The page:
The poorer areas that led to Boris Johnson’s election triumph are facing new cuts in local services, as funds are instead converted to wealthy southern regions.
Hundreds of millions of pounds will be hijacked due to a new formula that significantly reduces the importance of deprivation in assessing need, an analysis shows.
The shake-up will damage Tory’s high-profile election earnings including Workington, Stoke-on-Trent, Grimsby, West Bromwich, Sedgefield, Bishop Auckland and Redcar.
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Now the new conservative MPs representing these areas are challenged to resist the prime minister before the cuts kick off next year.
“They know these changes are wrong, so it’s time for them to decide what will come first: their communities or their careers?” Said Andrew Gwynne, a spokesman for the local Labor government.
The “fair funding review” started under Theresa May but now threatens to become a serious embarrassment for his successor, who won the election with a commitment to “level” the country.
Instead, the areas of the North and Midlands that were hit hardest by a decade of austerity that stripped billions of city hall funding are threatened with more pain.
The analysis, conducted by the Labor group at the Local Government Association, found that 37 Tory deputies represent the seats “at the end of these cuts”.
In Durham County, where conservatives obtained four seats, including Bishop Auckland and Sedgefield – Tony Blair’s old seat – the county council will lose nearly £ 10 million a year.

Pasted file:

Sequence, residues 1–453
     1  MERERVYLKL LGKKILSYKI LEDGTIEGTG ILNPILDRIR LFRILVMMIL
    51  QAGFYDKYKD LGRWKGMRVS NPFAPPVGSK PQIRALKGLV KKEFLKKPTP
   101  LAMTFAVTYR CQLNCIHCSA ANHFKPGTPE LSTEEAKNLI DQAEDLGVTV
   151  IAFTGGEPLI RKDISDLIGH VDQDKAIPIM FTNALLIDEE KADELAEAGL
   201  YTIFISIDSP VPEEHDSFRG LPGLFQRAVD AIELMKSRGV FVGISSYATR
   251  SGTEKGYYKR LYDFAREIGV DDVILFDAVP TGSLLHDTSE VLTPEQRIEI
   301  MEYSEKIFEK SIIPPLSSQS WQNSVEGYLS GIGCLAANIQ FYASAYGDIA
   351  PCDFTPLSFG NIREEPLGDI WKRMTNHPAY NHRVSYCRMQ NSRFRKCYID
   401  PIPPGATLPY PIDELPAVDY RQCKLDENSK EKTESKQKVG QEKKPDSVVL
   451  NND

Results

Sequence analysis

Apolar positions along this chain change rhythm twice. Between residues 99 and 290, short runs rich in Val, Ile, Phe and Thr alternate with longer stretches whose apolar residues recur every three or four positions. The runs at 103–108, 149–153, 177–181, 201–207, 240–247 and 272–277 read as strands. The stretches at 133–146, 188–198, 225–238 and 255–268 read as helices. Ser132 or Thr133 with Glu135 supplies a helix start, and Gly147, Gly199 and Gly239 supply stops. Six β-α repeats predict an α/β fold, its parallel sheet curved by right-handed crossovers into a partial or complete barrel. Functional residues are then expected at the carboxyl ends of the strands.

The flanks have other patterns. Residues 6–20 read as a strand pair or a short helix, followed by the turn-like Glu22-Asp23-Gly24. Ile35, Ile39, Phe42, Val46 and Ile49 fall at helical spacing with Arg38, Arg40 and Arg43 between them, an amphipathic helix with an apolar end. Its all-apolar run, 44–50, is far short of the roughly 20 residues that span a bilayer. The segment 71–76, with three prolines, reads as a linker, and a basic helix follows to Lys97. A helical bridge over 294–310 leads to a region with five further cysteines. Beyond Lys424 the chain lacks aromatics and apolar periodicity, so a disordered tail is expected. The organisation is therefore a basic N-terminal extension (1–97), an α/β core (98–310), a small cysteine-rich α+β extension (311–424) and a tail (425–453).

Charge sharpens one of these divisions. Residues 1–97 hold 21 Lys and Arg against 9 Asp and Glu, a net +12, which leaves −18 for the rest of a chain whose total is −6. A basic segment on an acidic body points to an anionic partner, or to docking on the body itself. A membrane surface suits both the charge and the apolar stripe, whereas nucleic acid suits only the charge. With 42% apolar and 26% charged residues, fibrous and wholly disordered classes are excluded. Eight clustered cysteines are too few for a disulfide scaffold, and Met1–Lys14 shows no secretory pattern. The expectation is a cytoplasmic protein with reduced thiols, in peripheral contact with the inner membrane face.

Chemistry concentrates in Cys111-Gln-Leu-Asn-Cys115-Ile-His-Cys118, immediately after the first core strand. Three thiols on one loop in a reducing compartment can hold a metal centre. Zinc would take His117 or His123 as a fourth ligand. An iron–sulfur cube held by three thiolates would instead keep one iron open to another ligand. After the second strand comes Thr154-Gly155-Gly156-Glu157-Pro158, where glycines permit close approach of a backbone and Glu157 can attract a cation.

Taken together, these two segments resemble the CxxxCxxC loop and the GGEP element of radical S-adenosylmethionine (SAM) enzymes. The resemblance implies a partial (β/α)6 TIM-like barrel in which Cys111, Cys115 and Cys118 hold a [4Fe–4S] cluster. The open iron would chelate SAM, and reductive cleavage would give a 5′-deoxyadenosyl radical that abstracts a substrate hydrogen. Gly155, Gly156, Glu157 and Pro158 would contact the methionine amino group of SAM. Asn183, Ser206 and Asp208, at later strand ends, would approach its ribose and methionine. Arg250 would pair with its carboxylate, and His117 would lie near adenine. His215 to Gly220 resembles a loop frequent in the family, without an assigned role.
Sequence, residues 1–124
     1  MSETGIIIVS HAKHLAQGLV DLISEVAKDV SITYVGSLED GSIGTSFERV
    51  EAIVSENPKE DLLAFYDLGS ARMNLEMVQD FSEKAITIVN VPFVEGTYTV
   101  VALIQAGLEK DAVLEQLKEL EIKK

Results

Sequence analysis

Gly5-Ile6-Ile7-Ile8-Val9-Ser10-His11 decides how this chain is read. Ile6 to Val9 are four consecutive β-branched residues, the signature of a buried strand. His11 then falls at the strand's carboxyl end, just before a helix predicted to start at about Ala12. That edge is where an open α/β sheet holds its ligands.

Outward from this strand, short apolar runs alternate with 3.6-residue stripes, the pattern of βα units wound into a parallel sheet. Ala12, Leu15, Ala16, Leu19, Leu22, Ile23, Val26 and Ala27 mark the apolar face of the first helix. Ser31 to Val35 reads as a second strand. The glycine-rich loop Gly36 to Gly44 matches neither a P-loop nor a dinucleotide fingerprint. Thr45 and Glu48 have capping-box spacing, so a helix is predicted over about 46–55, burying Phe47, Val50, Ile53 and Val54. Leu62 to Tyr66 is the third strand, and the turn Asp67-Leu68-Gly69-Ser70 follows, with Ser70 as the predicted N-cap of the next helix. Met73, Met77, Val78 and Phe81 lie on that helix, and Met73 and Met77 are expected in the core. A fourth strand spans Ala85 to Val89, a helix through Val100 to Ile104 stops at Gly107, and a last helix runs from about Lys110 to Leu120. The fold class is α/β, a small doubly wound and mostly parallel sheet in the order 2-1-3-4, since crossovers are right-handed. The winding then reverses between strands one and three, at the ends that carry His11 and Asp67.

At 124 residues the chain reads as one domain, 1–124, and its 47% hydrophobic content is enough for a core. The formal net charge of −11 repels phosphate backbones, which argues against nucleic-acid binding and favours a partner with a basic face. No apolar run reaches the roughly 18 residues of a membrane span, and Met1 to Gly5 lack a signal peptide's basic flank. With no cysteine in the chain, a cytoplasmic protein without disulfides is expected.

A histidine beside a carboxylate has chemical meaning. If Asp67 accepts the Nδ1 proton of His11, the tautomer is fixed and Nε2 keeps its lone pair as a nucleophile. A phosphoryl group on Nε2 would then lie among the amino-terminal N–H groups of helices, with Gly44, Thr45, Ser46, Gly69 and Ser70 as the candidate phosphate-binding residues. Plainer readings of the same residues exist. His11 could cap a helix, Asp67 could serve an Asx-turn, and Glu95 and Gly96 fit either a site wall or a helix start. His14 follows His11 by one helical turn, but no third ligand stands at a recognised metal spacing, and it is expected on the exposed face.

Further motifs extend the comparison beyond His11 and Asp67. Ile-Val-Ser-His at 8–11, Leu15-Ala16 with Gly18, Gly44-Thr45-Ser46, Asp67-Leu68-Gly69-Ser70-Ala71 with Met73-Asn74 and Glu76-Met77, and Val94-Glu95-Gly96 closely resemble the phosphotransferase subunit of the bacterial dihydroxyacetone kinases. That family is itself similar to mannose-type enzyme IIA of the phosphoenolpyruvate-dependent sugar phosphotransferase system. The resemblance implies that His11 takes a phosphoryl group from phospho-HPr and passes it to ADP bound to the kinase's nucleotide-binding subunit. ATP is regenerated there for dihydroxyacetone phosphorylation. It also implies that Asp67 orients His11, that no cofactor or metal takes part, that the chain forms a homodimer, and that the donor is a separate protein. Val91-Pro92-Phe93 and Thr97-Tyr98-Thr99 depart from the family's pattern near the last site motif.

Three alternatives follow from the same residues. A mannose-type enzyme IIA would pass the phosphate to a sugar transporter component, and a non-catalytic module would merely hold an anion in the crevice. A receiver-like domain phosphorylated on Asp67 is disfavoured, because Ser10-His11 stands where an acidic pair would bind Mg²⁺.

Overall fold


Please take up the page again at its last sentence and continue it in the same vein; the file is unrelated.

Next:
Cumbria, where the Workington location has gone from red to blue, will be another loser (£ 7.55 million), as will Stoke (£ 8 million), Sandwell, who includes West Bromwich (£ 8.6 million), and Lincolnshire, including Grimsby (£ 3.3 million).
Hampshire run by Tory will be the biggest cash winner (earning £ 35 million), followed by Surrey (£ 26 million), who covers the constituencies of 11 Tory MPs including cabinet members Dominic Raab and Michael Gove.
Other conservation areas that will benefit from a funding boost include Northamptonshire (£ 7.5 million) – which has been put into special measures after years of financial mismanagement – East Sussex (£ 6 million) and wealthy Wokingham (£ 6 million). , an incredible 30% increase).
The biggest loser will be Birmingham (down more than £ 48 million), followed by other major strongholds in the Labor city including Liverpool (£ 16.2 million) and Manchester (£ 10.4 million).
Gwynne urged Tory’s new MPs not to circumvent the challenge, adding: “The right revision of funding has been exposed as another conservative plan to take hundreds of millions of private communities and channel it to Tory’s branches.
“In the new parliament, 37 Tory MPs represent communities at the end of these cuts. This is an important test: their constituents will not forgive and will not forget if they fail. “
An LGA spokesman said the analysis does not represent his “preference”, but acknowledged, “This is an attempt to provide some information to the advice that could help assess the likely impact of the fair funding review on its distribution. funding for adult social care. “